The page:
Leaving from Liverpool was possibly a frightening situation. Although the Liverpool Transport Strike did not occur until 1911, the unrest in the country was present well before that time. George Underwood and his father, William, were both railway platelayers in 1901. Some other relatives also worked in the railroad business. They would all have been aware of the concerns that were brewing. As seen from the passages below, the Hull area was affected by this unrest. George and Florence Underwood lived in Hull, Yorkshire at the time they decided to leave for Canada. Perhaps the living conditions and the uncertainty of the working atmosphere prompted them to take that train from Hull to Liverpool and onto a new life in Canada.
Excerpts from the following article help to give a feeling of the conditions in England when George and Florence decided on their future.
The Liverpool Transport Strike of 1911 by William Jones
“In the first decade of the new century real wages fell by roughly 10%, in a situation where prices were rising while money wages tended to remain static. 8 Food prices and the cost of living in general during this period rose steeply which, together with the fall in wages, pushed more people into poverty. Union membership increased quickly from 1,997,000 in 1906 to 3,139,000 in 1911, and the number of strikes also doubled during this period from 479 to 872, affecting three times as many workers. These strikes were led by railwaymen, miners and dockers, particularly in the heavily industrialised areas of South Wales, the North West and the North East. 9”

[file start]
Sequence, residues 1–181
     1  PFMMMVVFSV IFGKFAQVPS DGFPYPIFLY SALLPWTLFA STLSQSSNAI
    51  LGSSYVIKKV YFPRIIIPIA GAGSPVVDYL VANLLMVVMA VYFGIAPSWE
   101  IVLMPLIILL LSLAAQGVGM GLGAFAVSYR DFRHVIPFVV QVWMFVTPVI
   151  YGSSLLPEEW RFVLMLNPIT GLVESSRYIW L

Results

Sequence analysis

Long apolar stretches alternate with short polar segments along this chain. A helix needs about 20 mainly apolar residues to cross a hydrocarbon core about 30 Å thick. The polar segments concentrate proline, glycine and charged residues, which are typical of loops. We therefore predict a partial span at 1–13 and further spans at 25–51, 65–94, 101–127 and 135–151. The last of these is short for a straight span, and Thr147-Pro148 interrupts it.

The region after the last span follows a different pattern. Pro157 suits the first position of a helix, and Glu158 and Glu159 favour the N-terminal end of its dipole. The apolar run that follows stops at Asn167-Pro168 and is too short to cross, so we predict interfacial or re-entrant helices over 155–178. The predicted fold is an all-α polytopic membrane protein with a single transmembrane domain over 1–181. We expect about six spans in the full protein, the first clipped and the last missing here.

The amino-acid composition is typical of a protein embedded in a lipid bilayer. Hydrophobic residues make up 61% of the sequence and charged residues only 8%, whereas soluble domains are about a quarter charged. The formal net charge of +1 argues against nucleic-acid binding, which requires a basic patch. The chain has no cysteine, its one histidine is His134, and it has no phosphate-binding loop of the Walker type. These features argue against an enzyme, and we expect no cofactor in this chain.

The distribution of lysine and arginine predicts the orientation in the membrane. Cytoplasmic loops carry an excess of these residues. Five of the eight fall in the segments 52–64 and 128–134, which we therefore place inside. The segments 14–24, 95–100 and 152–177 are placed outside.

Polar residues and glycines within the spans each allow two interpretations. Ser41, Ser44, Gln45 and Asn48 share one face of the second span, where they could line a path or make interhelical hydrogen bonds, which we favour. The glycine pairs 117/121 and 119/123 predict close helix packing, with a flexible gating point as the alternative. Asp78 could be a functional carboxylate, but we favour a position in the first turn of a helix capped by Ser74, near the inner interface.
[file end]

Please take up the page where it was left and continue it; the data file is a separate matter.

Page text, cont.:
“The Liverpool Transport Strike of 1911 has been highlighted by the historian Eric Taplin as the nearest occasion this country has come to a revolution. The sequence of events built up slowly, but from June 1911, the sequence and timing of events increased, culminating in major flashpoints during August 1911.”
“Railwaymen’s union leaders representing the Lancashire and Yorkshire Railway Company were co-opted on to the strike committee in Liverpool and when 1000 dock porters came out on strike on 7 August, it was agreed that all transport workers would add their support through sympathetic strike action. By the next day 4000 railway workers were on strike, over union recognition and wage demands,12 initially against the wishes of senior rail trade union officials who favoured negotiations via the conciliation boards.13 Mounted Police were used to quell disturbances at the Edge Hill goods station as clerks from the goods offices began to unload railway vans.14 “
“The Liverpool Transport Strike of 1911 lasted for nearly three months and brought the city to a standstill. It could have been avoided, but for the inflexibility of the employers to recognise trade unions and their right to represent the workers for improved pay and working conditions.”
“Although Syndicalism was minimal throughout the country, Mann’s presence and leadership had ensured that it was well represented in major cities like Hull and Liverpool, and this is where the major conflicts of the transport strike occurred. On Merseyside there were a significant number of syndicalists within the National Union of Ship Stewards, and union officials Frank Pearce and Joe Cotter, both syndicalists, worked closely with the Seamen’s and Firemen’s Union in the lead up to, and during the strike. Each group of workers supported each other’s claim in turn, and when Cotter’s members supported the striking seamen when they went on strike, it was the first time that seafarers had acted together.”
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